I just watched the Motorweek video road test of the Jeep Liberty CRD, and while I agree, that the cost of filling up on diesel fuel would be enough to dissuade most drivers from buying diesel-powered trucks and light SUVs, the price isn’t the same everywhere you go. Where I live, Gig Harbor, Washington, the price for diesel is $3.55 per gallon. In some places, it may cost more than that. In some places, it may cost less. How crazy is that? I’d still buy a CRD engine, if not for the Liberty, how about for the classic XJ Cherokee?

    • I’ve always loved Jeeps … and wanted a CJ5 when I was a kid, but it wasn’t until I learned to drive a 4×4 off-road up a mountain in Alaska that I learned to truly appreciate them. Realistically they aren’t the most functional for 99% paved road driving that I do now … although can’t wait to test drive the new 2014 Grand Cherokee with the new CRD diesel. I suspect it will be overpriced just like the last attempt using the Mercedes diesel.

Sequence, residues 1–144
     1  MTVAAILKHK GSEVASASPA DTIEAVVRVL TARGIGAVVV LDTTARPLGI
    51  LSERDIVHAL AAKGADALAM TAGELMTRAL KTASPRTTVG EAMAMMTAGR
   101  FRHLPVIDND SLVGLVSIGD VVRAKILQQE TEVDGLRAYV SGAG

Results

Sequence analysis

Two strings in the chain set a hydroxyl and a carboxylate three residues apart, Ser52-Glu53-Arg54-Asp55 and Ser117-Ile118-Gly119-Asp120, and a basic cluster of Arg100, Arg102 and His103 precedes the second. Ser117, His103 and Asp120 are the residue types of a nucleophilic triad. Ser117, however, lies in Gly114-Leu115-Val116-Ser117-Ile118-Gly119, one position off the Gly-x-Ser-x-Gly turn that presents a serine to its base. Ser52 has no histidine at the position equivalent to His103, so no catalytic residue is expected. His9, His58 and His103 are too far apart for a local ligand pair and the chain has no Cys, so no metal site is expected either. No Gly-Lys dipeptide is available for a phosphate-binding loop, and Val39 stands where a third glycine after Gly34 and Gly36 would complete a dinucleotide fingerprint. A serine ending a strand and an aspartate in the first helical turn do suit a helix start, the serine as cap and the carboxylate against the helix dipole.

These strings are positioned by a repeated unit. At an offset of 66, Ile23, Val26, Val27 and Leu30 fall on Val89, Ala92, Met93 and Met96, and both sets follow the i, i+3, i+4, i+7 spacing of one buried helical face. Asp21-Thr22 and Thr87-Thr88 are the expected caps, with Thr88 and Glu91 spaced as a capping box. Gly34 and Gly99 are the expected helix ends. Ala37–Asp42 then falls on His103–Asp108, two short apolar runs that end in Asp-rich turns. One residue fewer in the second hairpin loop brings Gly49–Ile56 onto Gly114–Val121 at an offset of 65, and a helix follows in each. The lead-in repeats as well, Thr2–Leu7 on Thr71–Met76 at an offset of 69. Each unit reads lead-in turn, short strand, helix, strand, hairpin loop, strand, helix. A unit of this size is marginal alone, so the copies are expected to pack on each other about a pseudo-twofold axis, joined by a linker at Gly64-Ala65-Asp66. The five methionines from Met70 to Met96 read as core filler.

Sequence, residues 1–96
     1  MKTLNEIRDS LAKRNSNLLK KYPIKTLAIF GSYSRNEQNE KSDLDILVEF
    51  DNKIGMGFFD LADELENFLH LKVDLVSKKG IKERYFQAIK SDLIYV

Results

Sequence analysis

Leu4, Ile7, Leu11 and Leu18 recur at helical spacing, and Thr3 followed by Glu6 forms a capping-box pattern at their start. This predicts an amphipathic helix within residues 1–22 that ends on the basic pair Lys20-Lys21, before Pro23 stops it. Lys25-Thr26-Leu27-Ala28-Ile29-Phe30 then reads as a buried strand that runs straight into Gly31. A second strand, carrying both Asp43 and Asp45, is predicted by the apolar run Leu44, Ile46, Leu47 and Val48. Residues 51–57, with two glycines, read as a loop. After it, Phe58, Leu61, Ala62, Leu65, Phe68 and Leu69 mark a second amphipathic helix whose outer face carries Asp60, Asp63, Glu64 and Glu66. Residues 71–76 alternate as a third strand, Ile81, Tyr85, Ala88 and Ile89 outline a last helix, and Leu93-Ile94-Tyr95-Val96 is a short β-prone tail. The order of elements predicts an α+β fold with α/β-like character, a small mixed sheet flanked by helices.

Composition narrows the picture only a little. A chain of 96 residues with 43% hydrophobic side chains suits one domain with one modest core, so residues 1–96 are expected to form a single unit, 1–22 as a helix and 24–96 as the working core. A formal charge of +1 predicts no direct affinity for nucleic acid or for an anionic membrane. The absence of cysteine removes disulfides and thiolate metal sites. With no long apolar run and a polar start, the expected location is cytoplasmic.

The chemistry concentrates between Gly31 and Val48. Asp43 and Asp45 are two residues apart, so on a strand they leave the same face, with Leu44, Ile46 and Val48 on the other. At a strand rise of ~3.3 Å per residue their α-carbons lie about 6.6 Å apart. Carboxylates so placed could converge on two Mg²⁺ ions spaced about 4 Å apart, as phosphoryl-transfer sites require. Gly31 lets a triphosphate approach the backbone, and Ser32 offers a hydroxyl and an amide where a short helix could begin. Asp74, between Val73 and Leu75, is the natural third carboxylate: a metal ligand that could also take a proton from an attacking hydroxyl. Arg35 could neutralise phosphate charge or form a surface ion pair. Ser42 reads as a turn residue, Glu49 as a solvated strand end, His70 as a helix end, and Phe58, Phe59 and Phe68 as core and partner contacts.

http://mydesultoryblog.com/2007/08/the-2007-jeep-grand-cherokee-30l-crd/

      Side note, I almost moved to your neck of the woods and made an offer on a home overlooking Quartermaster Harbor on Vashon Island back in the 1990s. 🙂

      • Jason Carpp

        I’ve always liked trucks and SUVs. I like pre-1996 Cherokee because the steering wheel doesn’t have that big padding in the middle of the steering wheel called an “air bag”. Where do you live currently? I live in Gig Harbor. 🙂

        • Cincinnati, Ohio

          • Jason Carpp

            I’ve never visited there. What prevented you from moving to Washington state?

          • Combination of things. Dotcom work opportunity was risky along with cost of living difference. Had family here in Ohio and wasn’t really ready to make a big change going that far west at the time. In the end, we made the right call.

          • Jason Carpp

            That makes sense. I’ve always lived in Washington state, and I just recently (September) landed a job in Gig Harbor, where I live. Even if I wanted to move somewhere else, I couldn’t afford the money to do that.

Desultory - des-uhl-tawr-ee, -tohr-ee

  1. lacking in consistency, constancy, or visible order, disconnected; fitful: desultory conversation.
  2. digressing from or unconnected with the main subject; random: a desultory remark.